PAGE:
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Adv Exp Med Biol. 2016;897:1-14. doi: 10.1007/5584_2015_5001.

In Vitro Activity of Tigecycline Against Acinetobacter baumannii: Global Epidemiology and Resistance Mechanisms.

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Department of Microbiology, Medical School, University of Athens, Athens, 11527, Greece.
Department of Biopathology, Aretaieio Hospital, University of Athens, Athens, Greece.
Department of Microbiology, Medical School, University of Athens, Athens, 11527, Greece.


Acinetobacter baumannii is a pathogen of increasing concern, commonly causing outbreaks in the hospital environment. Of particular concern, A. baumannii strains exhibiting resistance to carbapenems, which were previously considered the treatment of choice for infected patients, have dramatically increased worldwide, leaving a few antibacterial choices. Tigecycline, a broad-spectrum modified minocycline derivative, isconsidered as a last resort drug against multidrug-resistant A. baumannii. Though, resistance to tigecycline has emerged and is growing notably following increasing tigecycline usage. Comparative evaluation of the tigecycline resistance rates reported worldwide is challenging due to the absence of official interpretative criteria for in vitro susceptibility testing and the discrepancies among the different susceptibility methodologies used, with broth microdilution being considered the reference method. Tigecycline resistance is mainly associated with resistance-nodulation-cell division (RND)-type transporters, mainly the AdeABC, AdeFGH and AdeIJK efflux pumps, but other resistance mechanisms have also been implicated. Tigecycline is still an attractive choice for A. baumannii, but further investigations are warranted so that treatment of MDR Α. baumannii could be guided by validated in vitro data.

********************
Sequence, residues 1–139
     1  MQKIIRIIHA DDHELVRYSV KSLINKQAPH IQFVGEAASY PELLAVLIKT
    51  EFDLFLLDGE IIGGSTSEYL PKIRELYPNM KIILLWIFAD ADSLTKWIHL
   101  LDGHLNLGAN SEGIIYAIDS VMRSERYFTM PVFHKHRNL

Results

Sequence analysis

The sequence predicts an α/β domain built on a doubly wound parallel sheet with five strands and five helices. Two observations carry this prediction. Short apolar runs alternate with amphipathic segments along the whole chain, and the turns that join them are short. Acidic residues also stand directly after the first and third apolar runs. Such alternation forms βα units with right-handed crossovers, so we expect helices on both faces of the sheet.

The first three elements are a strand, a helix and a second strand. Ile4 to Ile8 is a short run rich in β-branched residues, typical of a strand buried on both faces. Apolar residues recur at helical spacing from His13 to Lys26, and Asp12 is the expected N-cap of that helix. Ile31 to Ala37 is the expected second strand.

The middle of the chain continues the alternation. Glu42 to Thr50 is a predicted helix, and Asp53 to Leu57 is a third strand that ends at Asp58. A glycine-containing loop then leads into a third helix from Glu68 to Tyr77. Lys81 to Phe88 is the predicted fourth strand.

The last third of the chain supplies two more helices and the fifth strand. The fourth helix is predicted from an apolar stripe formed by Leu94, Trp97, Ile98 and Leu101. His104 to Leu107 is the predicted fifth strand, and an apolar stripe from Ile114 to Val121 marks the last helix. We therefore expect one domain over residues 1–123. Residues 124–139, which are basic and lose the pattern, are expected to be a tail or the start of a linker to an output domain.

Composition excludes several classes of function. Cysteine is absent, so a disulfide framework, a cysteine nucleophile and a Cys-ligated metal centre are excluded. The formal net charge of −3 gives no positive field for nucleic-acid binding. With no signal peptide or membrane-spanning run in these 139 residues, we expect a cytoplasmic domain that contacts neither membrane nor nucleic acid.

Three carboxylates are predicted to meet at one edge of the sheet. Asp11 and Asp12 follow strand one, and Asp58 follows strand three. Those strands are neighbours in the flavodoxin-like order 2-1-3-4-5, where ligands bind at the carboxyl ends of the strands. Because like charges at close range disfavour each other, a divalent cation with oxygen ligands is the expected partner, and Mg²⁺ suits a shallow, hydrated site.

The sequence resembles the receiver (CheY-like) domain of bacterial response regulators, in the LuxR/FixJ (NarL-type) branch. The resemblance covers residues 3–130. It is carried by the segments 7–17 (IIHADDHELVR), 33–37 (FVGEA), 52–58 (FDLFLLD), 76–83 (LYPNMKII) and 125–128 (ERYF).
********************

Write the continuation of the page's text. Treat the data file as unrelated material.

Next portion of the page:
Acinetobacter baumannii; MIC; Resistance; Resistance mechanisms; Susceptibility methods; Tigecycline

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